If heights is the reason for the lack of people then we have really lost our way. Reference the pictures of the guys building the Empire State Building, are they saying we couldn't get people to do that now? The reality here is either you have an industry that is too new and unorganized, a union that is putting a choke holds on the labor pool, or some other dumb ass bureaucratic reason that is making the country noncompetitive.
    • Re:Oh please (Score:5, Insightful)

      by cptdondo (59460) on Saturday March 10, 2012 @10:47AM (#39311385) Journal

      Ever done manual labor?

      Climb up a 300' tower with tools?

      I work in a manual labor industry. It's no joke. These guys and gals work hard, and it's not an easy job. The only time you see them is when it's sunny and nice, because that's when you're out walking your dog. How about when it's 31 degrees, freezing rain, and you're knee deep in freezing water? For an 8 hour shift? You're not out there because it's too miserable; you're at home under the blanket watching TV. They're out there working.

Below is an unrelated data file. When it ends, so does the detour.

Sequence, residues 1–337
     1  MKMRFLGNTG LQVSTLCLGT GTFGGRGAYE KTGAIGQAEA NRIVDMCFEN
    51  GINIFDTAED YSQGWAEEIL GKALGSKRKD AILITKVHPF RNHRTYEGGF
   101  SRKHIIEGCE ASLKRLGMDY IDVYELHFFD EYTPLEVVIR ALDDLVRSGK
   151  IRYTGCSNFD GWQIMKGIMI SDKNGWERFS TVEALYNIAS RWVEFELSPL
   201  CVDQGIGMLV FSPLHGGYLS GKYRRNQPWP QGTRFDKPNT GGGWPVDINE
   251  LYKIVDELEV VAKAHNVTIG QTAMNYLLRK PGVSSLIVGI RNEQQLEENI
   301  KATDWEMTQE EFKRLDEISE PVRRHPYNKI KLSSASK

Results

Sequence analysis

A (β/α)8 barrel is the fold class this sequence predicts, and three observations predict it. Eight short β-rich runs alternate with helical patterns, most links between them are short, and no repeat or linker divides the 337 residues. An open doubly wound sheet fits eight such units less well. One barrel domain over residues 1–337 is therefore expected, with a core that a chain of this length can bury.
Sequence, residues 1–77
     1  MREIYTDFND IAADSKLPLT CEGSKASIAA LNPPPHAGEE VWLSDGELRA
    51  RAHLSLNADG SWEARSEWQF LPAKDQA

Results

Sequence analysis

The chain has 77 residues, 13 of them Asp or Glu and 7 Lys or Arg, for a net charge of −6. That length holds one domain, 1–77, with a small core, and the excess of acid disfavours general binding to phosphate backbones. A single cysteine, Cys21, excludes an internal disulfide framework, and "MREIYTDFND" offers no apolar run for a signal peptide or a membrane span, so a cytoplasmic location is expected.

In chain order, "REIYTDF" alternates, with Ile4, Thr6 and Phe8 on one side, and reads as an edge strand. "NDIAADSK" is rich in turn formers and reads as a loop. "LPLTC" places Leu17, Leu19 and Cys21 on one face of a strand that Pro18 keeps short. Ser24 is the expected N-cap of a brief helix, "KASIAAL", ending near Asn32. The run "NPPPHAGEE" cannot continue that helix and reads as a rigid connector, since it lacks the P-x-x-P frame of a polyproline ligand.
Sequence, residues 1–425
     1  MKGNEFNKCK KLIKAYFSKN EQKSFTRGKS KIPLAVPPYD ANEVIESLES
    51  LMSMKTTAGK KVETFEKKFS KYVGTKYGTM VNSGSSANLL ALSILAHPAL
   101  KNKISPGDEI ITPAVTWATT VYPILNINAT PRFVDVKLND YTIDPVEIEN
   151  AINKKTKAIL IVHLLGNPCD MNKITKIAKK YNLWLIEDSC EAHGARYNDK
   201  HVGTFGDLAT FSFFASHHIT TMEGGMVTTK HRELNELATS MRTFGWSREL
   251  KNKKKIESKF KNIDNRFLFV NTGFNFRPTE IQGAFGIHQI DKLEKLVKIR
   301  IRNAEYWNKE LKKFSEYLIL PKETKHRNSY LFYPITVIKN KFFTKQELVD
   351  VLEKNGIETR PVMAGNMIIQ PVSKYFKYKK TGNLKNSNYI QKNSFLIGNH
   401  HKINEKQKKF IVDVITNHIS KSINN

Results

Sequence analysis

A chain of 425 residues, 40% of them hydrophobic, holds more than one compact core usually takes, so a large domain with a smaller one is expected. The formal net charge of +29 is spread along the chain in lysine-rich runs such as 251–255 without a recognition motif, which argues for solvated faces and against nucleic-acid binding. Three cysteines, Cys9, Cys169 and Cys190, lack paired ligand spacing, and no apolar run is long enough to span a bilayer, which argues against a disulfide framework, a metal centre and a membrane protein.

Try getting out there, and working at the top of even a 60' bucket truck, in high wind. Now try it at the top of a 300' tower, in freezing cold wind.

      If these were union jobs, they'd be going for $40+. The $20/hour thing tells me they're not union.

      • Re:Oh please (Score:4, Insightful)

        by data2 (1382587) on Saturday March 10, 2012 @10:49AM (#39311407)

        It's a question of the size of turbine. The bigger ones have work benches and everything in the _rooms_ at the top of the towers.

        • by cptdondo (59460)